With three minutes to spare before the midnight deadline, the 2019 Legislature adjourned last night. This is the first time in a decade the Legislature has completed a 105-day session on time.
We adopted a responsible and forward-looking two-year operating budget that makes historic gains for the state. The budget invests in a transformation of our behavioral health system, expands access to early learning, and strengthens K-12 and special education. It also includes historic investments in the state’s higher education system. Earlier this session, we adopted the strongest clean energy legislationin the nation, protecting clean air and water for generations to come. Click here to read about some of the other highlights of the 2019 legislative session.
As my first session as the Senate Majority Leader in Olympia wraps up, I’ve been reflecting on how fortunate I am to work on behalf of the people of Spokane and lead a talented and diverse group of Senators from around the state.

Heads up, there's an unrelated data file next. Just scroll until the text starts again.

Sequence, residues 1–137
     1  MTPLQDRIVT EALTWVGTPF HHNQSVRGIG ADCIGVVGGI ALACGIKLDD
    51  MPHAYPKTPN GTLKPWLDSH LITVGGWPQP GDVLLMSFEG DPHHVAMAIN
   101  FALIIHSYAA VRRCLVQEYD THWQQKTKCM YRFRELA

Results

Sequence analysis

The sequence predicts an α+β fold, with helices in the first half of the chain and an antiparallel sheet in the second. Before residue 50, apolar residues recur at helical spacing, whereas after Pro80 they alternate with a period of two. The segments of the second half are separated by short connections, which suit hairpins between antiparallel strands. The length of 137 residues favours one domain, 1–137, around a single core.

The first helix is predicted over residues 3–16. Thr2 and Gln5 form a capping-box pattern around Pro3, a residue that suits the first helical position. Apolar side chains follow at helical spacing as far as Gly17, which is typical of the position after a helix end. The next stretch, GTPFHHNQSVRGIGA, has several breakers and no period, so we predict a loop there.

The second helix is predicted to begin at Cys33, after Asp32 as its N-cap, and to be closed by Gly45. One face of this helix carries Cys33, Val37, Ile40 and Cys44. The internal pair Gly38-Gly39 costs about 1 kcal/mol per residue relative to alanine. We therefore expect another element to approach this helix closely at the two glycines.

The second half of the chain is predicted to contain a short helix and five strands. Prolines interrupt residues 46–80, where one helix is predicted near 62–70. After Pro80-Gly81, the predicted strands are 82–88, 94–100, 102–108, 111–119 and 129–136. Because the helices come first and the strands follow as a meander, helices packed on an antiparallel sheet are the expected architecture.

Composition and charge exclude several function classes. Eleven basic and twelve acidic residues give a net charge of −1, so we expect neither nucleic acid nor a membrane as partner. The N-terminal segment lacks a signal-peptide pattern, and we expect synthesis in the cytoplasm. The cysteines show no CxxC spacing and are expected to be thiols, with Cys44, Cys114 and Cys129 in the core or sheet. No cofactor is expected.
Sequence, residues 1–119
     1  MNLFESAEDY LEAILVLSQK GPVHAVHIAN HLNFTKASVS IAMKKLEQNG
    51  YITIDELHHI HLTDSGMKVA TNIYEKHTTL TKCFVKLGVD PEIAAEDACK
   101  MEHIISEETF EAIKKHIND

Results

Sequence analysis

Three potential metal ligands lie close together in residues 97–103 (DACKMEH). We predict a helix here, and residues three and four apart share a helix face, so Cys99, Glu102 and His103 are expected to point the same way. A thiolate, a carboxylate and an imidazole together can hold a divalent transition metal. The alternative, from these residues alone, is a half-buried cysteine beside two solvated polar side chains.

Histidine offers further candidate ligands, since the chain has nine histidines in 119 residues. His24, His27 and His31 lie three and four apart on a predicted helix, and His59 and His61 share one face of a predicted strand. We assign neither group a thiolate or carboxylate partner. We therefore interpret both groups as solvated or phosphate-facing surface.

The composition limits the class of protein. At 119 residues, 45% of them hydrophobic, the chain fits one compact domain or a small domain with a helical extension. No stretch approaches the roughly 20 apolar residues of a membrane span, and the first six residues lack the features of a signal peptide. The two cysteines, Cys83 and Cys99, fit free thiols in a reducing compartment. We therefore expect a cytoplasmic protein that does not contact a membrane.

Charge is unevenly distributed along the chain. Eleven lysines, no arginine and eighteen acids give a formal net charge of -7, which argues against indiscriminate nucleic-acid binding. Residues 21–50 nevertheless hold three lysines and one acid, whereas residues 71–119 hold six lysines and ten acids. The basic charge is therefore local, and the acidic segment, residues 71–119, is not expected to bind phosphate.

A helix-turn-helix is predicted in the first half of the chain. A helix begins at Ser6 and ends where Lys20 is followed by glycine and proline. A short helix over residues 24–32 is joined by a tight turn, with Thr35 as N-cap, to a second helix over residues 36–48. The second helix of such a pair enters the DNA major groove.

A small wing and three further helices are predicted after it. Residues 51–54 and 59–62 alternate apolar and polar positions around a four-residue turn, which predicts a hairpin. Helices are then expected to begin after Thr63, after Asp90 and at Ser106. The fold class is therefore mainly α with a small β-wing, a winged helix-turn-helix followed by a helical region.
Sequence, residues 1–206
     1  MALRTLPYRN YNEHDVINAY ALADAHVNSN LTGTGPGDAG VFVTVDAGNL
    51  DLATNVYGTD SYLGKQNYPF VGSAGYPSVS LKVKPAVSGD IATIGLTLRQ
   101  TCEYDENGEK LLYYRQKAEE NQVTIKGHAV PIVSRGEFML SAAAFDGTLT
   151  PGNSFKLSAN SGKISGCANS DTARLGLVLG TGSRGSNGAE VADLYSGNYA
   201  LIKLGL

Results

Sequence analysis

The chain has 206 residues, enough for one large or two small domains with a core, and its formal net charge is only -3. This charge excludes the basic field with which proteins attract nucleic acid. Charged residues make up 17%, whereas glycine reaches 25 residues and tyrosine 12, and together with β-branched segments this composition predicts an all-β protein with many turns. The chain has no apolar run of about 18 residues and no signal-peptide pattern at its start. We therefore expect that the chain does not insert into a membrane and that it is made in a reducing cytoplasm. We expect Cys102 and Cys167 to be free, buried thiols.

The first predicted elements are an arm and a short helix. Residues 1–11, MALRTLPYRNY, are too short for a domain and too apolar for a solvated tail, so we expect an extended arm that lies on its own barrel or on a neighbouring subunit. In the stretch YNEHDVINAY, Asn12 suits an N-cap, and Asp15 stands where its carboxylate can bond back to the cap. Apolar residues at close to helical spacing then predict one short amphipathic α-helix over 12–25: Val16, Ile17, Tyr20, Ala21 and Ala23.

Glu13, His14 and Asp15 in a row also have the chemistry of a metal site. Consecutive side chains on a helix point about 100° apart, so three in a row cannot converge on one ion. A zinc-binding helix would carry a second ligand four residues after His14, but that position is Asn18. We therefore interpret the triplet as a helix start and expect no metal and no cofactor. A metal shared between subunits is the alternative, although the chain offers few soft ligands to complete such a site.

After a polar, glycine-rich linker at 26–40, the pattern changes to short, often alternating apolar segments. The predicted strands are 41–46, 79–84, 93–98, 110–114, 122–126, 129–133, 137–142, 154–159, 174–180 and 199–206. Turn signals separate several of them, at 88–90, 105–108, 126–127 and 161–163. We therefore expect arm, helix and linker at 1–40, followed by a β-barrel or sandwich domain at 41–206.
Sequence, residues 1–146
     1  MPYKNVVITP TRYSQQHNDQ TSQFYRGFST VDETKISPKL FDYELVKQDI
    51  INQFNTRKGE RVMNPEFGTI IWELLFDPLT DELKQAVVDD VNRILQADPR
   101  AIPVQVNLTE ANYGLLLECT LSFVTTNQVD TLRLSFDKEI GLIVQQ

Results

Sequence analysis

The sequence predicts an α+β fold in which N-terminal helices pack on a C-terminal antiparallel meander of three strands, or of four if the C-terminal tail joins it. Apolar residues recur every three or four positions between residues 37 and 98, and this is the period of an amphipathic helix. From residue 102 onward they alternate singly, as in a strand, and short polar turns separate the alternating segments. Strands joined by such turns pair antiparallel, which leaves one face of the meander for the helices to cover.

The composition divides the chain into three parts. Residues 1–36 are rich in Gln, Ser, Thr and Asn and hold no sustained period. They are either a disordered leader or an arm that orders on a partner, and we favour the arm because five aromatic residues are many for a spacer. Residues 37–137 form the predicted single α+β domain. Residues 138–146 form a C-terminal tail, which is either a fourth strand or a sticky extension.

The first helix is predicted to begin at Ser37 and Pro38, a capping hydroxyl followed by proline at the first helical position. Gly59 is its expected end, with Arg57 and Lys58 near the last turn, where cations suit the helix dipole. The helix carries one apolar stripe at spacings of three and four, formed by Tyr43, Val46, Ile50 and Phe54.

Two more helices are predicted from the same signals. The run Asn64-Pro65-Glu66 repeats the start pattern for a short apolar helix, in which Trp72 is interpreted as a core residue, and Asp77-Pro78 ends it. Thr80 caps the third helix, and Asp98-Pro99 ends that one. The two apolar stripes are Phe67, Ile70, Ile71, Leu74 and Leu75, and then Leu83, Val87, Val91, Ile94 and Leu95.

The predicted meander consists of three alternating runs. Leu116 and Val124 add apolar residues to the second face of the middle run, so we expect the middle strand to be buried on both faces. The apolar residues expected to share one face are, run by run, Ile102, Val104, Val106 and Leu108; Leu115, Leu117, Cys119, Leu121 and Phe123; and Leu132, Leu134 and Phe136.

Big wins for Spokane in state budgets
Your Spokane legislative delegation was able to secure funding for a number of top community priorities in the operating, capital and transportation budgets:
- Funding for the WSU Elson S. Floyd Medical School, including support for 20 additional medical students
- Additional funding for Spokane area school districts
- $1 million for the Joya Child and Family Development (formerly Spokane Guild School)
- $1 million for Crosswalk’s new teen shelter and transitional housing project
- $1 million for the new downtown Spokane Sportsplex
- $500,000 for the Riverfront Park Suspension Bridge repair
- $400,000 for CHAS Spokane behavioral health clinic expansion
- $350,000 for the new Carl Maxey Center
- Making our community a safer place
Making our community a safer place
The two bills I prime sponsored to improve public safety in our city both passed the Legislature.
Senate Bill 5579 will require a stricter safety standard for oil trains moving through our state if the state experiences an increase in oil train traffic.
Senate Bill 5492 is a bipartisan effort among Spokane leaders to reduce auto theft by providing community supervision for offenders who commit motor vehicle-related felonies. Research shows this strategy, which provides services, reduces recidivism.